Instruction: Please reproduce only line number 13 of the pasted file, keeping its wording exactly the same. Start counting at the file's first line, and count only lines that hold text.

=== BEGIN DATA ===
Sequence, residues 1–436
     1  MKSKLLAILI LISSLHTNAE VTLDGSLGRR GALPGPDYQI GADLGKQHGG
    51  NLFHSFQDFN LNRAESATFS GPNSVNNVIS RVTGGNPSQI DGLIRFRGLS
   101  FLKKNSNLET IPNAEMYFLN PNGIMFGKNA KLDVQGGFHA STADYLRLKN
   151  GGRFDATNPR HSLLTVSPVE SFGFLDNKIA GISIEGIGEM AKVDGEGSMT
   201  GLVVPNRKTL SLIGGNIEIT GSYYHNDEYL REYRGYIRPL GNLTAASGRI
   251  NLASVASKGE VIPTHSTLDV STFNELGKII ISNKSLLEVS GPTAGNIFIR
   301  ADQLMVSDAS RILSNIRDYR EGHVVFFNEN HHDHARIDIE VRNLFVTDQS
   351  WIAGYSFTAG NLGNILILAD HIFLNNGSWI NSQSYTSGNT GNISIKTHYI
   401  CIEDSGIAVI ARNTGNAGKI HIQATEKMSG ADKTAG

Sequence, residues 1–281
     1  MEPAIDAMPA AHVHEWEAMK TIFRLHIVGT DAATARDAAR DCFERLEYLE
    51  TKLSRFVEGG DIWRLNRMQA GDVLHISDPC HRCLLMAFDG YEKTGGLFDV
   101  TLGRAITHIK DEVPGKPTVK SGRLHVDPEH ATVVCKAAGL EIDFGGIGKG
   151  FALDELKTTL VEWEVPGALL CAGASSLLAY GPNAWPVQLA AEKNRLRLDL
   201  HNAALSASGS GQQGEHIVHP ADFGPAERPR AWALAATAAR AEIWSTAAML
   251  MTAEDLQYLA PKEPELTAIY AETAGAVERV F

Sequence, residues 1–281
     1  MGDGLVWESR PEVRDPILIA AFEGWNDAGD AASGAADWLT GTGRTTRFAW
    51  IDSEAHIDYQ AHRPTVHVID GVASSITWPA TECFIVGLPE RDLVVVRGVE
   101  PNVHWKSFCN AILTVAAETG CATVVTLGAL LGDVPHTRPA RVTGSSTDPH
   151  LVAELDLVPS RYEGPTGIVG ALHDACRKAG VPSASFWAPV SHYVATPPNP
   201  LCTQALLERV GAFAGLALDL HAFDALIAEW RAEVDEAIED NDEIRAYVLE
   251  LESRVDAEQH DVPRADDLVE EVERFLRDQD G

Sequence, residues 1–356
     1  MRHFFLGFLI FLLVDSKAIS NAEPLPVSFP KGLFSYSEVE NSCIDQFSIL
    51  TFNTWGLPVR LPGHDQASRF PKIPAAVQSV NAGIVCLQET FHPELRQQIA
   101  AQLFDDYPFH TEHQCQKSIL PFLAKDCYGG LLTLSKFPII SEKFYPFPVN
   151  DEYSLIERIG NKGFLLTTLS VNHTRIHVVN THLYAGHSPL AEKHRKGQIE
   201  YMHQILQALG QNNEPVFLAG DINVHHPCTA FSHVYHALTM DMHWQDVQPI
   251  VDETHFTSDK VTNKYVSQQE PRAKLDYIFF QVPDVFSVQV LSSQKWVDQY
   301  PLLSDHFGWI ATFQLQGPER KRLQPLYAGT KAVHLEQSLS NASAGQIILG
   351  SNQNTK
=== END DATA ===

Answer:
    51  TKLSRFVEGG DIWRLNRMQA GDVLHISDPC HRCLLMAFDG YEKTGGLFDV